Letters Concerning Taste (Google eBook)

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R. and J. Dodsley in Pall-Mall, 1755 - Aesthetics - 143 pages
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Page 114 - Biron they call him; but a merrier man, Within the limit of becoming mirth, I never spent an hour's talk withal: His eye begets occasion for his wit; For every object that the one doth catch, The other turns to a mirth-moving jest; Which his fair tongue (conceit's expositor) Delivers in such apt and gracious words, That aged ears play truant at his tales, And younger hearings are quite ravished; So sweet and voluble is his discourse.
Page 97 - AWAY ; let nought to love displeasing, My Winifreda, move your care ; Let nought delay the heavenly blessing, Nor squeamish pride, nor gloomy fear. What though no grants of royal donors With pompous titles grace our blood ; We'll shine in more substantial honours, And to be noble, we'll be good.
Page 50 - Whose numbers, stealing through thy darkening vale, May not unseemly with its stillness suit ; As musing slow I hail Thy genial loved return. For when thy folding-star * arising shows His paly circlet, at his warning lamp The fragrant Hours, and Elves Who slept in buds the day, And many a Nymph who wreathes her brows with sedge And sheds the freshening dew, and lovelier still The pensive Pleasures sweet Prepare thy shadowy car.
Page 98 - How should I love the pretty creatures, While round my knees they fondly clung ; To see them look their mother's features, To hear them lisp their mother's tongue. And when with envy, time transported, Shall think to rob us of our joys, You'll in your girls again be courted, And I'll go wooing in my boys.
Page 76 - My virgin flower uncropt, pure, chaste, and fair, No goblin, wood-god, fairy, elf, or fiend, Satyr, or other power that haunts the groves, Shall hurt my body, or by vain illusion Draw me to wander after idle fires, Or voices calling me in dead of night To make me follow, and so tole me on Through mire and standing pools, to find my ruin.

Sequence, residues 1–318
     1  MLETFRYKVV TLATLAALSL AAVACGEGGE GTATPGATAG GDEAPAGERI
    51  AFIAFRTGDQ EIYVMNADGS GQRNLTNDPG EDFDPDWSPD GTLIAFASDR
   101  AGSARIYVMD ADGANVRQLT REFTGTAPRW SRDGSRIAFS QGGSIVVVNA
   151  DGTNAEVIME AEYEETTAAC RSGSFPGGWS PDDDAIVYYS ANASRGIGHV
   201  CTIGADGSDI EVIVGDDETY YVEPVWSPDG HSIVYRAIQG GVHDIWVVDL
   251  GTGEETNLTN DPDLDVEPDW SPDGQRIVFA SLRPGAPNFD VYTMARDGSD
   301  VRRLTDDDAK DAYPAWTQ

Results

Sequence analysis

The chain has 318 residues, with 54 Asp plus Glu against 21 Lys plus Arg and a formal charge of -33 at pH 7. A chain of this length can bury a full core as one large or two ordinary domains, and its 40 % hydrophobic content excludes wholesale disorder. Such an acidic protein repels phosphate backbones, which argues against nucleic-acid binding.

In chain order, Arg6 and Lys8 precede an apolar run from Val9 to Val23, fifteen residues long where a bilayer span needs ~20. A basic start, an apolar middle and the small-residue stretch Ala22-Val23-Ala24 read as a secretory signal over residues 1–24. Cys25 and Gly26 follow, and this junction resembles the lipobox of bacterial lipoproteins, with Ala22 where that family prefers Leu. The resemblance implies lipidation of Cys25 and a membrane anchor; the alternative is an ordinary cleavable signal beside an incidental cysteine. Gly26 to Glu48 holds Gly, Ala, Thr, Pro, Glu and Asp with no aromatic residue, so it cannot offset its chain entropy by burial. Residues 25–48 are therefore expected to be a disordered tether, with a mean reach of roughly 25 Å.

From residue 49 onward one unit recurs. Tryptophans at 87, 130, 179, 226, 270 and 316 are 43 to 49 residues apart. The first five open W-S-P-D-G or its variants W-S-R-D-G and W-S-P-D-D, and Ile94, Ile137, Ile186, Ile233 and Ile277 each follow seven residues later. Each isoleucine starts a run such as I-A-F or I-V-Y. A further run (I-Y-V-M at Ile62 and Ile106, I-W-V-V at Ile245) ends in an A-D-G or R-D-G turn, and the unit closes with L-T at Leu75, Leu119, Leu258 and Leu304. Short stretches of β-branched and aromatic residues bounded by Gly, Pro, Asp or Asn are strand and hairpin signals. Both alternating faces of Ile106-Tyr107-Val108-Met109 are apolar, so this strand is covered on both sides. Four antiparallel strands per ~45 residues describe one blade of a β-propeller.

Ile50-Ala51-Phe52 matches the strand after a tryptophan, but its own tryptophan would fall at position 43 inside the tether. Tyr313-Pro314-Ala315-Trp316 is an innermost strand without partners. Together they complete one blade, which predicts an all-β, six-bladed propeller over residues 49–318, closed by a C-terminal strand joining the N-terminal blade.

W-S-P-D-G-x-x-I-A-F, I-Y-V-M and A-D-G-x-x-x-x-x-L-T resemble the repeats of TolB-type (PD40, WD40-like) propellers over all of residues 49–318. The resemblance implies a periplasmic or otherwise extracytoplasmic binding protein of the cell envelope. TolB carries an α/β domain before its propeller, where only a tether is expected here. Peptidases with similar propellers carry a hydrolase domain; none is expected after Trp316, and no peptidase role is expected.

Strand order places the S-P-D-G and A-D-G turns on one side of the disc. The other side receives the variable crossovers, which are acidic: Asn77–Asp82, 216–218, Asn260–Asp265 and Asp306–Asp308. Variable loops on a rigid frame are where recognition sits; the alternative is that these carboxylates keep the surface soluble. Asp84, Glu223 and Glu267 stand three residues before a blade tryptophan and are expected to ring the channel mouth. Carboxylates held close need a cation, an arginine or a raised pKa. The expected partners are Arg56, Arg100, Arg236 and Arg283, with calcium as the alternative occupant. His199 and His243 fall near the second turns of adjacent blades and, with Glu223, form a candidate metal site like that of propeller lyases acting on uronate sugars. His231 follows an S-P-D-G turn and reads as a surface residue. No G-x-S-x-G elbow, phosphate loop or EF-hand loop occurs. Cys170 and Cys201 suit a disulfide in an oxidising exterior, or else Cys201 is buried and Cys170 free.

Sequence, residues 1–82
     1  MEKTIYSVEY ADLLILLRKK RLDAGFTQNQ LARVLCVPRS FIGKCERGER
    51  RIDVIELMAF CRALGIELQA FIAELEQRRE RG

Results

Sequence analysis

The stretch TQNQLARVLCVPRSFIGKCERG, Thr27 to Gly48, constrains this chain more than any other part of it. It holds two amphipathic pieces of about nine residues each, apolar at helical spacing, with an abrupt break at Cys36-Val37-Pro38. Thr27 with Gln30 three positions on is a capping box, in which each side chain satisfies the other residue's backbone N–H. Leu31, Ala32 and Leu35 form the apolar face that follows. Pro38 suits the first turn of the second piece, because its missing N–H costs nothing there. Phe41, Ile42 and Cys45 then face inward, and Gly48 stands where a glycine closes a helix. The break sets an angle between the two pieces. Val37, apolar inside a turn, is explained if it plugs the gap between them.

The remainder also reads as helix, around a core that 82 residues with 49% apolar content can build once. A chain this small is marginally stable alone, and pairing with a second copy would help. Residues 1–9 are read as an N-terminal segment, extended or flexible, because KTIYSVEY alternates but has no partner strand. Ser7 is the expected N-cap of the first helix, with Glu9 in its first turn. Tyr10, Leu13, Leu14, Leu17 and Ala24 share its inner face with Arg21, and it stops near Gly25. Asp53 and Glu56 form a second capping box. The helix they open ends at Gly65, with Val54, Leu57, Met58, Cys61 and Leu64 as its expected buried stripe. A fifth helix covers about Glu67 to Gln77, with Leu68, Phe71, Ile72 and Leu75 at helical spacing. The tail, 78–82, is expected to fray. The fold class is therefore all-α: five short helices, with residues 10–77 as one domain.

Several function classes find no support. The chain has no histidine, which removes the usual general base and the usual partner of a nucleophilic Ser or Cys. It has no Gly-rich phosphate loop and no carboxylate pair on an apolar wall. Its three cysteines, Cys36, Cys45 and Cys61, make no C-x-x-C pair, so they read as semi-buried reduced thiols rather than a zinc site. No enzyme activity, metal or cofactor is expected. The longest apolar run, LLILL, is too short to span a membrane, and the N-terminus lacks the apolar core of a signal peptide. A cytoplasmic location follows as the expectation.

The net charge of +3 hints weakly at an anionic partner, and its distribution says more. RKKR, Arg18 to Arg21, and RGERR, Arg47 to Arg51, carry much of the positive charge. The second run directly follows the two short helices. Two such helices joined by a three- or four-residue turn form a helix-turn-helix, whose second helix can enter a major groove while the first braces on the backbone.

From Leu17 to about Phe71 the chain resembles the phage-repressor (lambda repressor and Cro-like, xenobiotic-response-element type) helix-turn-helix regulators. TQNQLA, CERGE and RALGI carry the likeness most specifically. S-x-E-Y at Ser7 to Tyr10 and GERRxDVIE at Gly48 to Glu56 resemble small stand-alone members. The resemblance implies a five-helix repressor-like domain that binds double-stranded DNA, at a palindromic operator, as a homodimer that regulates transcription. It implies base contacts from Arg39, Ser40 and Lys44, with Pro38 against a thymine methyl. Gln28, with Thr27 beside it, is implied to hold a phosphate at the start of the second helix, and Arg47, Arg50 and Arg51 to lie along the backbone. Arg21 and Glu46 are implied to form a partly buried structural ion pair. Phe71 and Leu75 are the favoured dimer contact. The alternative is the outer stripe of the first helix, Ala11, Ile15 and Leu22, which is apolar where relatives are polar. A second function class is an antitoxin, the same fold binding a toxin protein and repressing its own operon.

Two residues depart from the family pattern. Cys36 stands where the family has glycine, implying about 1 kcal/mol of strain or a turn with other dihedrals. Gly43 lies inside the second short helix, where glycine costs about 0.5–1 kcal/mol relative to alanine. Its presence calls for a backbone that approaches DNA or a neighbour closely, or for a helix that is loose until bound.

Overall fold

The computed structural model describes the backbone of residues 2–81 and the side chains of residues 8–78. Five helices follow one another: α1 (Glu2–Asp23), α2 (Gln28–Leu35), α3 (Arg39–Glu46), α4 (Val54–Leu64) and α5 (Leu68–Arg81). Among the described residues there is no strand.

Page 41 - On the green bank, to look into the clear Smooth lake, that to me seem'd another sky. As I bent down to look, just opposite A shape within the watery gleam appear'd, Bending to look on me : I started...
Page 29 - For Taste does not wholly depend upon the natural Strength and acquired Improvement of the Intellectual Powers; nor wholly upon a fine Construction of the Organs of the Body; nor wholly upon the intermediate Powers of the Imagination; but upon an Union of them all happily blended, without too great a Prevalency in either.
Page 38 - It show'd the bottom in a fairer light, Nor kept a sand conceal'd from human sight. The stream produc'd nor slimy ooze, nor weeds, Nor miry rushes, nor the spiky reeds ; But dealt enriching moisture all around, The fruitful banks with cheerful verdure crown'd, And kept the spring eternal on the ground.
Page 121 - With what to sight or smell was sweet, from thee How shall I part, and whither wander down Into a lower world, to this obscure And wild ? how shall we breathe in other air Less pure, accustom'd to immortal fruits?

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